As I wrote earlier, Elizabeth banned the production of any religious subjects on stage, let alone mystery plays, which once had been one of the most essential ways of communicating Catholic religious principles and traditions to a mass, generally illiterate, audience. It’s not surprising that Mary Magdalene’s story had been a popular one to stage: in a conflation of a few gospel narratives, Mary Magdalen was a prostitute who extravagantly repented of her sexual sins by washing Christ’s feet with her tears and hair and anointing him with expensive perfume; having transferred her love for sex to love for Christ, she appears as one of the women who remains with Christ at his crucifixion, and she weeps at the tomb when she sees that her beloved’s corpse has gone missing. Her narrative is highly visual, full of erotic tension, and contains just the right amount of inspiration porn to urge a religious audience to convert their hearts like Mary.

Domenico Tintoretto’s The Penitent Magdalene, c. 1598, a painting depicting a half-naked woman praying amid reed mats, a skull, a crucifix, a book, and a bowl. Her brown curls are fabulous.]

“Thank you, God, for a good hair day today.”

Without the legal means to stage truly biblical conversion stories like these, Elizabethan and Jacobean literary artists necessarily had to find other media in which to work. A genre like poetry or devotional prose offered an interesting advantage over the essay or the sermon: they had connotations of intimacy, not publicity. Published collections, if they were published in the author’s lifetime, were often prefaced by long, exaggerated declamations of humility insisting that the author’s friends or a sense of duty had made them publish it against their own great reservations — not because they had designs on exposing the masses to a Catholic aesthetic. Even Southwell (who, as a Jesuit missionary, did have designs on converting the hearts of his audience) declared in the dedication of his devotional prose work “Mary Magdalen’s Funeral Tears” that he wished to “alter the object” of men’s “[p]assions … and loves” — a perfectly nondenominational desire to reform (sexual) desire.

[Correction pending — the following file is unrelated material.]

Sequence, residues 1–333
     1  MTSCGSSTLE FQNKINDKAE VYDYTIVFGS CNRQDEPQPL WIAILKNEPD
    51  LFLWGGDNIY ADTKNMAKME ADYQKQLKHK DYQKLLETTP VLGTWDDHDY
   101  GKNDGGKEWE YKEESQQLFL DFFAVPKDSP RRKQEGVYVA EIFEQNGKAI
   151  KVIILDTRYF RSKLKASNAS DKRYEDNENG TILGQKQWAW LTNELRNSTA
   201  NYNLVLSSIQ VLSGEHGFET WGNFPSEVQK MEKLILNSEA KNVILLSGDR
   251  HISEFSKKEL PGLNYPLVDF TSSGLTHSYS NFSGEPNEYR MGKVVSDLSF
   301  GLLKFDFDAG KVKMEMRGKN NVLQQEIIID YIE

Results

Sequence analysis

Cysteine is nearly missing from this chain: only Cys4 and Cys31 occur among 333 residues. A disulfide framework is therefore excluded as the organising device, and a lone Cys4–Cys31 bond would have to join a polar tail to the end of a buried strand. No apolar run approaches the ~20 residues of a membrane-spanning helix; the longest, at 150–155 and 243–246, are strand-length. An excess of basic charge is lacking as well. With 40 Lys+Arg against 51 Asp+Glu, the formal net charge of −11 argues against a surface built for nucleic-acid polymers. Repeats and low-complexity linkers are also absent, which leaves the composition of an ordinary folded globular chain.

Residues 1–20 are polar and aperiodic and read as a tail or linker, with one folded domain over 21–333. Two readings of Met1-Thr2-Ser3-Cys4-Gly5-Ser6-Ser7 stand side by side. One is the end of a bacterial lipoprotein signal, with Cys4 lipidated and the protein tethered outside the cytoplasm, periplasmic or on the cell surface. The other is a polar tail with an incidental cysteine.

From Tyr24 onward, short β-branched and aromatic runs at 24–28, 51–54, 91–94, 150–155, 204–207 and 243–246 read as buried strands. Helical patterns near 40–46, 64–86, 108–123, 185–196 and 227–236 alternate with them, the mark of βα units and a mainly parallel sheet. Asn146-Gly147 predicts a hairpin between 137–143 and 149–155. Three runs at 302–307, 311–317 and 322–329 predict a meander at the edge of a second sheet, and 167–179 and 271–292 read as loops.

Political restrictions on public expression also impacted how writers conceived of their private faith, shifting their attention to the interior experience of spiritual self-reformation over its external manifestation — no sackcloth and ashes here, but rather serious reflection on what it means to have conformed one’s heart to God’s will, a thought process often articulated in literary words. The Mary Magdalene depicted in these converts’ writing is not the same Mary Magdalene of the mystery plays. Yes, she converts herself from sex worker to saint, and her desire for Christ supplants her lust for flesh, but as a convert her personality doesn’t really change: her affection for Christ is still highly eroticized as she longs for his resurrected body, and she still has a predilection for the sensory and sensual. Perhaps Mary Magdalene’s conversion is not dramatized precisely because, to these Early Modern converts concerned with what makes a convert, the elements of interest in her story do not reside in the spectacular outward gestures of her conversion — her tears and perfumes and kisses — but rather her interior motivation to make these gestures and to convert her soul.

Titian’s Noli me tangere, c. 1512, a painting depicting a bearded man, trying to hold his shroud on with one hand with a staff in his other, as a woman in red and white crawls toward him, her right hand raised; a village on a hill and farmland are in the background.]

But “Noli me tangere” brings new meaning to “No touch-y.”

Indeed, in contrast to the transfiguration fulfilled in the body of the risen Christ, Mary Magdalene undergoes an internal metamorphosis with no impact on her body. In his poem to her, Vaughan exclaims, “How art thou changed!”, before observing that “thy beauty doth still keep / Bloomy and fresh” (my emphasis). The idea that she can be changed, while still looking exactly the same, speaks to an understanding that profound conversions do not always have visible consequences. Instead, Mary Magdalene’s conversion changes her interiority: marveling at the profound effects that her love for Christ has on her character, Southwell asks, “Can it thus alter sex, change nature, and exceed all art?” — even the art of theatrical representation.